Urgent Alert – California SB 179, Gender Recognition Act
California legislators need to hear from you about this proposed gender identity bill. Here’s background on the bill and contact information for the state senators who will meet to discuss it very shortly.
Next Monday morning, May 8, the California state senate Appropriations Committee will hold a hearing on Senate Bill 179, dubbed the “Gender Recognition Act.” Here are the lowlights of this bill:
Locks vague and unscientific terms relating to gender ideology into the law
SB 179 conflates the terms sex and gender, endorses the concepts of “gender identity” and “gender transition,” and reflects the false notion that people are capable of changing sex (or “gender”) through clinical treatment or otherwise. None of these terms are defined in the bill. While some of these terms are used in current law, SB 179 locks these unscientific concepts into new expanded provisions, and expressly allows people to obtain a court “judgment recognizing the change of gender to female, male, or nonbinary.”
Allows revision of birth records based solely on self-declared gender identity
Currently people can request a change to the “gender” designation on their birth records only when they present documentation of having “undergone clinically appropriate treatment for the purpose of gender transition,” after which the designation can be changed to reflect the person’s so-called “correct sex.” SB 179 deletes this requirement and allows people to obtain a change of their birth records by merely submitting “an affidavit attesting under penalty of perjury that the request for a change of gender to (female, male, or nonbinary) is to conform the person’s legal gender to the person’s gender identity and is not made for any fraudulent purpose.”
Of course, no court or state official could ever question the sincerity or truthfulness of a person’s subjective claims of “gender identity,” absent an open (and highly unlikely) confession of fraudulent purposes. Even convicted sex offenders can change their identities, and the bill even makes it possible for change of sex/gender designation of a minor child to be done against a parent’s wishes. In short, any man can have his legal identity changed based solely on his claim to identify as a woman or as nonbinary.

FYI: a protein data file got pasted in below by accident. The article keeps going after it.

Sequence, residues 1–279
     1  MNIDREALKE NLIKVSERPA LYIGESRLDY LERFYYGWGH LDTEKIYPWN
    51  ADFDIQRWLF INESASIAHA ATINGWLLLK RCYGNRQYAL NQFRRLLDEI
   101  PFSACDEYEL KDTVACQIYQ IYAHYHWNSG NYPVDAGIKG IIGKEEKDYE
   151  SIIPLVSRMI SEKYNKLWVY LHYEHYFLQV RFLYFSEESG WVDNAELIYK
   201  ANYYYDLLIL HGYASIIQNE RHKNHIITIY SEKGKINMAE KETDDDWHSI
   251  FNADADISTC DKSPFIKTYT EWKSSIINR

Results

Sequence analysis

Makes it easier to get accurate information about a person’s sex and identity placed under seal
Existing law allows people seeking a name change to request that the papers associated with the request be placed under seal only if the request meets a series of strict prerequisites, including a showing that there is “an overriding interest that overcomes the right of public access to the record.”
SB 179 appears to place a heavy thumb on the scale for allowing a person’s accurate sex and original name to be placed under seal and made inaccessible to law enforcement and members of the public, because the official legislative findings in the bill claim that “[g]ender identification is fundamentally personal.”
These are the members of the Appropriations Committee, who’ll be meeting to discuss the bill next Monday morning, May 8, 2017. See below for ideas to highlight in educational outreach.
Senator Ricardo Lara (Chair) – 916-651-4033
Senator Patricia Bates (Vice Chair) – 916-651-4036
Senator Jim Beall – 916-651-4015
Senator Steven Bradford – 916-651-4035
Senator Jerry Hill – 916-651-4013
Senator Jim Nielsen – 916-651-4004
Senator Scott Wiener – 916-651-4011
- While the state has a vital interest in keeping accurate records about a person’s legal identity including their biological sex at birth, the state has no legitimate interest in giving legal credence to unscientific claims about “gender identity.”
- Allowing people to place this vital information under seal creates serious risk of harm to past and potential future victims of sex offenders, stalkers, and frauds. This primarily places women and children at risk of harm from violent or fraudulent men.
- Allowing people to turn their former identities into state secrets will create havoc in the state’s legal records and family courts.
- Never before in human history has an individual’s biological sex been considered private information. Even babies learn to tell the difference between men and women before they’re old enough to talk. If a fact about a person can be known by, and known about, a pre-verbal infant, the state is making a truly extraordinary claim to insist that knowing this fact causes actionable damage.